Nerve pain medication
- Nerve Pain
- Risk Factors
Nerve pain, also called neuralgia, is characterized by pain and other symptoms from damaged or pinched nerves. A shooting or burning pain and feelings of numbness, weakness, muscle spasms and tingling can radiate along the path of the nerve and be felt in the extremities. Nerve pain related to the neck or back usually involves compression of the spinal cord or a nerve root. This can happen as a result of a variety of causes and conditions throughout the spine, especially the upper and lower regions.
Upon diagnosis of nerve pain, most doctors will prescribe a course of conservative treatments including rest, exercise, hot or cold compresses, physical therapy or chiropractic care. In addition to these methods, doctors will typically recommend the use of medication to treat nerve pain as needed. Through the following article, you will learn more about nerve pain medication and which type may be best to help you get the pain relief needed to improve your quality of life.
Types of nerve pain medications
It is important to always follow the guidance of your doctor when using any type of pain medication, whether it is over-the-counter or prescription. Here are some commonly prescribed nerve pain medications:
- NSAIDs. Nonsteroidal anti-inflammatory drugs, like ibuprofen and aspirin, can help reduce inflammation, which in turn can relieve pressure on irritated nerves and ease mild to moderate nerve pain. Side effects may include blood thinning, ringing in the ears and gastrointestinal problems.
- Antidepressants and anti-seizure drugs. Both drugs treat nerve pain by dampening pain signals. A low dose of these medications is typically successful when anti-inflammatories are unable to provide relief.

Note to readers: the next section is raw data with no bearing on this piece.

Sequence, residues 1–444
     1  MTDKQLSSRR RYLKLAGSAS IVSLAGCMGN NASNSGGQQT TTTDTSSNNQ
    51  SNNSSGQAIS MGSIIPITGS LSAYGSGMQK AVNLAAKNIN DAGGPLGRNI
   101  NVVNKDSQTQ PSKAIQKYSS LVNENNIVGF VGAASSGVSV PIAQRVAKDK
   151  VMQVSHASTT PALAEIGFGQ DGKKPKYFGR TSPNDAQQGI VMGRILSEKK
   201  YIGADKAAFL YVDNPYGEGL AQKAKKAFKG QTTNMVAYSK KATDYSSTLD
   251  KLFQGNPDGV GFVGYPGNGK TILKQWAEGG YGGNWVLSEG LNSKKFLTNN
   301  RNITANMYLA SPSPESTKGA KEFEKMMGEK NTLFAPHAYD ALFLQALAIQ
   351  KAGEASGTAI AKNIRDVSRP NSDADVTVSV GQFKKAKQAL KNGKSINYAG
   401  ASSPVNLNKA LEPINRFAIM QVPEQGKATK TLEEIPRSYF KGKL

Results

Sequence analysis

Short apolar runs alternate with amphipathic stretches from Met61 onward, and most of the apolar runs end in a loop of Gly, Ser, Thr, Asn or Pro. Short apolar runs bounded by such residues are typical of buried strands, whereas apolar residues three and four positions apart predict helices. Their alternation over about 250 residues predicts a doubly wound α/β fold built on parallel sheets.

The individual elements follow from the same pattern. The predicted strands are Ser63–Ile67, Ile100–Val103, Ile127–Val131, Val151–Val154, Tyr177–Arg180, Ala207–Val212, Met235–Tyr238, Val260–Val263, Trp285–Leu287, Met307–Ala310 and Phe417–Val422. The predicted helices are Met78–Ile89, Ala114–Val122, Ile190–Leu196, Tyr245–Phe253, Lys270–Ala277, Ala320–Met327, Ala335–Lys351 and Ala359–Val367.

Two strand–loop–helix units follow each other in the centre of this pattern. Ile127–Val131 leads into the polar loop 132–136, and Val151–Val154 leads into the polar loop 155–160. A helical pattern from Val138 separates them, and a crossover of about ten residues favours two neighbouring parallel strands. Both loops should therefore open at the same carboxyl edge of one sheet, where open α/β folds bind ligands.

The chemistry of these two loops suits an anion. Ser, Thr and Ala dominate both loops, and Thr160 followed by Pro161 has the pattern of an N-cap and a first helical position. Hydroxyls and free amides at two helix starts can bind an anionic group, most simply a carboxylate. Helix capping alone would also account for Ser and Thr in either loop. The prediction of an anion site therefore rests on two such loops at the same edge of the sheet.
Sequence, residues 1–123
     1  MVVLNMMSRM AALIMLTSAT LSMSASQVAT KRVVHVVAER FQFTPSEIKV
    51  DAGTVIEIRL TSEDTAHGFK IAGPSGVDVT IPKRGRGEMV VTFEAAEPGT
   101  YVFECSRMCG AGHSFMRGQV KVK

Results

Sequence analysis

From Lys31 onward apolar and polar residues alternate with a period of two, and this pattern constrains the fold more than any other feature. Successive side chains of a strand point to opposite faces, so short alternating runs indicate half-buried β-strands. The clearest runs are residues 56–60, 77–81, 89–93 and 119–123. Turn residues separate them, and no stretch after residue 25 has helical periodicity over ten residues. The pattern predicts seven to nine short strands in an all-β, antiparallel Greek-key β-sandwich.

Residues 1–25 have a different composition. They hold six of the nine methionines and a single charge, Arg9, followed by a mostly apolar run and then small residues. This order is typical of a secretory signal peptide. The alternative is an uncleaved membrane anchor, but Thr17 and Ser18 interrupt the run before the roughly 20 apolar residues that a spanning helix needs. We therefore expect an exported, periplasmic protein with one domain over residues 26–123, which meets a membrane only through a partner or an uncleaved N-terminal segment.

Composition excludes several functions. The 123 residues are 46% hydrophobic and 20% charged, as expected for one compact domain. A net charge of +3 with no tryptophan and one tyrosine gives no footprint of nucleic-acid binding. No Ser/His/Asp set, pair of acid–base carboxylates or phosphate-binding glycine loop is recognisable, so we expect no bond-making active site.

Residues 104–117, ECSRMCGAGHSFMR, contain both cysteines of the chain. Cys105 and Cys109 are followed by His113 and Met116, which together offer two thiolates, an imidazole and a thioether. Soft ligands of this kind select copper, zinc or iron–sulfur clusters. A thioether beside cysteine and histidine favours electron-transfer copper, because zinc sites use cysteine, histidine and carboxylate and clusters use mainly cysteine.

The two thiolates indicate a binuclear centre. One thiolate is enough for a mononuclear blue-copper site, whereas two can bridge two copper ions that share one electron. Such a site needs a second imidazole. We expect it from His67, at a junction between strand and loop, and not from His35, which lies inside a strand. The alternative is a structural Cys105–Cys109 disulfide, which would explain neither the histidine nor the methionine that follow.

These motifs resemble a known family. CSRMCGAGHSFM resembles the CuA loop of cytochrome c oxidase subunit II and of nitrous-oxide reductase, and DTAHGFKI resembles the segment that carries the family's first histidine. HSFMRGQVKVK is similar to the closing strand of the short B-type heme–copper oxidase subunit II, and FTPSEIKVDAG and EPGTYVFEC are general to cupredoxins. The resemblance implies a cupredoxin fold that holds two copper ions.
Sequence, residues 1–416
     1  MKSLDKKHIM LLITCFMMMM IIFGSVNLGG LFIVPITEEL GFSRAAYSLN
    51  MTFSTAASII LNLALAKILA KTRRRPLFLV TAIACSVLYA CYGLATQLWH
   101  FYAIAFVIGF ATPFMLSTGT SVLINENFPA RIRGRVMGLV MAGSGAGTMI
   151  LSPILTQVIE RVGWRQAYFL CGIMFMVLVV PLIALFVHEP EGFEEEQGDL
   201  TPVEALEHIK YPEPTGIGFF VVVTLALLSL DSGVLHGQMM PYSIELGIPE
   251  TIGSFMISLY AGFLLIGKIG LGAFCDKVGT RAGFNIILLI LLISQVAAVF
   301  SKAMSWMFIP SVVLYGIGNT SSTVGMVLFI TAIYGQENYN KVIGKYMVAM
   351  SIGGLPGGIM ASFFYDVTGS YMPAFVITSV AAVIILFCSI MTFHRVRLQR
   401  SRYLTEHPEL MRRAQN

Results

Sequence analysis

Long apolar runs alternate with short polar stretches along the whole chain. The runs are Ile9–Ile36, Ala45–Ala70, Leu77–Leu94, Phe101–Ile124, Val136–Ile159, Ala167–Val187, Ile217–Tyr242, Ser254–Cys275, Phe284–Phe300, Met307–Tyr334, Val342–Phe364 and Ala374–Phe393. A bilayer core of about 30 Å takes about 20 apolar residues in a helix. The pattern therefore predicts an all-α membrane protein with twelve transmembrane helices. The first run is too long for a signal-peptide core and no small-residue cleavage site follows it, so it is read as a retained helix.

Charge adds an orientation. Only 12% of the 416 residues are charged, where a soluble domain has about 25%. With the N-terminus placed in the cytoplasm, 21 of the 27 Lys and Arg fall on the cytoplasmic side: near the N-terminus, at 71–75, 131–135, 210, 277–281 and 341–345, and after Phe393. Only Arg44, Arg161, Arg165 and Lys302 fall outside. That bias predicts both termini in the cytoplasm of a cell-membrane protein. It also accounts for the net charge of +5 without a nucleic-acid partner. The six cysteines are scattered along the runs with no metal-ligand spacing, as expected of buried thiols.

- Epidural steroid injections. Injections like prednisone help treat nerve pain and reduce inflammation of compressed nerve tissue. These injections are made directly into the epidural space surrounding the spinal cord. The strong dosage of steroids can relieve symptoms for long periods of time.
- Opioids. As a class of prescription narcotics, opioids are generally used to treat moderate to severe nerve pain. They can be combined with NSAIDs to provide anti-inflammatory properties.
- Nerve root block. This injection of opioids or steroids delivers the medication directly on or near the inflamed nerve that is causing symptoms, resulting in a decreased amount of pain and identifying the source of your discomfort.
You should always check with your doctor before taking any medications. They may adversely interact with or hinder the effectiveness of other drugs you may be taking. Always follow the directions on medication packaging and never take more than the suggested dosage. It is also strongly recommended to avoid drinking alcohol while on medication. Alcohol may intensify a drug’s side effects to a dangerous degree and put you at risk for liver, kidney or heart failure.
Minimally invasive options for persisting nerve pain
If you’ve tried pain medication to treat your nerve pain as well as other conservative therapies suggested by your doctor and your nerve pain still won’t subside, contact the experts at Laser Spine Institute. Our minimally invasive spine surgery is able to help patients get back to the activities they love, as a safer and effective alternative to traditional open back procedures, offering a less than 1-inch incision, less scarring and no lengthy recovery.^
Ask for your no-cost MRI review* today to see if you’re a potential candidate for one of our outpatient procedures. We have helped more than 75,000 patients get their lives back from their debilitating neck and back conditions and are eager to help guide you through your journey to wellness.